Modern Yoga and the Brain

May 30, 2014

Today’s focus on body and image may seem like a far cry from the original purpose of yoga and may, instead, be the initial goal of modern yoga and the Western student.  However, scientists have discovered what perhaps the Rishis of old knew about the benefits of the physical practice of yoga, and how this physical focus can lead to a change in brain wiring. Modern yoga has proven to be an intrinsic part of the more vast science of yoga, which includes a combination of meditation and movements aimed at bringing the brain and nervous system into a natural rhythm and be more in tune with many aspects of life.


A well-designed physical activity program can contribute to a healthy mind, as noted by Dr. Roy J. Shephard, a specialist in exercise science, sports medicine, and environmental physiology in health and disease, who has authored numerous books on the topic. He emphasizes that physical activity specifically contributes to increased arousal, improvement of self-esteem and body image, relief of anxiety, stress and reactive depression, and maximization of intellectual and psychomotor development.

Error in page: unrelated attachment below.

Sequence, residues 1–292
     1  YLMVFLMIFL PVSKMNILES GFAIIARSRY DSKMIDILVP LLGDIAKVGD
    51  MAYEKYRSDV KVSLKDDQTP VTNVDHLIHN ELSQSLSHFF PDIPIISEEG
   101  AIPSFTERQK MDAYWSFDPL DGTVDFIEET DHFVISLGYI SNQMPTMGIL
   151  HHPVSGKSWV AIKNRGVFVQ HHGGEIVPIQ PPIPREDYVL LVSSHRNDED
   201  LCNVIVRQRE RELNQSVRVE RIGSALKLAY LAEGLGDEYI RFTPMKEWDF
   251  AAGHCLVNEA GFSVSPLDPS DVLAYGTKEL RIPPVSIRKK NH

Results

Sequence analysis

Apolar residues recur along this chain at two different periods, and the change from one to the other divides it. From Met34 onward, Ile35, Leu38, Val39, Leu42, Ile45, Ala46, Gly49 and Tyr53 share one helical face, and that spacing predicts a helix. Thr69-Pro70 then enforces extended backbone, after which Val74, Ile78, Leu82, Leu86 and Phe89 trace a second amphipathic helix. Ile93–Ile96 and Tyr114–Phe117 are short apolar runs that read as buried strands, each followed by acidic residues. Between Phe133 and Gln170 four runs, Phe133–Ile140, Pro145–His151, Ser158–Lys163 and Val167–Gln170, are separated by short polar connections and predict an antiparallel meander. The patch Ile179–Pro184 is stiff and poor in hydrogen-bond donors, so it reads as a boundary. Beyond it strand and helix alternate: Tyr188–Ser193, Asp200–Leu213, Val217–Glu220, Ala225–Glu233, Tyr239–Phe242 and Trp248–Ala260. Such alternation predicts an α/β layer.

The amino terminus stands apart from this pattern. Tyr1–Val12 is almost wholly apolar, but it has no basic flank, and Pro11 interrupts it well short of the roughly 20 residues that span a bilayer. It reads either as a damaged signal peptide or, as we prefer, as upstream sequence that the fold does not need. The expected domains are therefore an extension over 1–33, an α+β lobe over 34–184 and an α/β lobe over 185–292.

Studies in neuroscience produce evidence that the brain grows and rewires itself (neuroplasticity) through experience, which means the brain can be deliberately and systematically influenced and changed. The act of changing your posture, slowing your breath, focusing on the present moment and relaxing during intense concentration all engage in the physical process of modern yoga to reshape and rewire the brain.

Richard Davidson, a neuroscientist at the University of Wisconsin, wired several Tibetan monks and novice practitioners to compare the activity within their brains as they meditated. He discovered that the monks could reach unprecedented low levels of brain activity. Slower wavelengths reduce the chattering of the mind, enabling the practitioner to observe and adjust thoughts, and subsequently change those thoughts and future actions. Through the practice of yoga, modern students can train the brain with meditation, breath work, intention setting, imagination and visualization.

Yoga is the cessation of the fluctuating patterns of the mind, as explained in Hatha Yoga Pradipika. Repeatedly changing responses, intentions and corresponding thoughts forces the brain to create new and more efficient neuronal pathways, which makes your body produce healthier automatic physiological responses (unlearned reactions such as a reflex, sweating or blinking) and stronger interoception (sensory systems). This will affect how you perceive feelings from the body that will, in turn, impact your mood, well-being and emotions.

The practice of modern yoga as physical activity opens the door to the larger science of yoga and its deeper connection with the brain to produce happiness and well-living. So, if you’re looking to live a sustainable life filled with lasting happiness, it’s time to hit the yoga mat!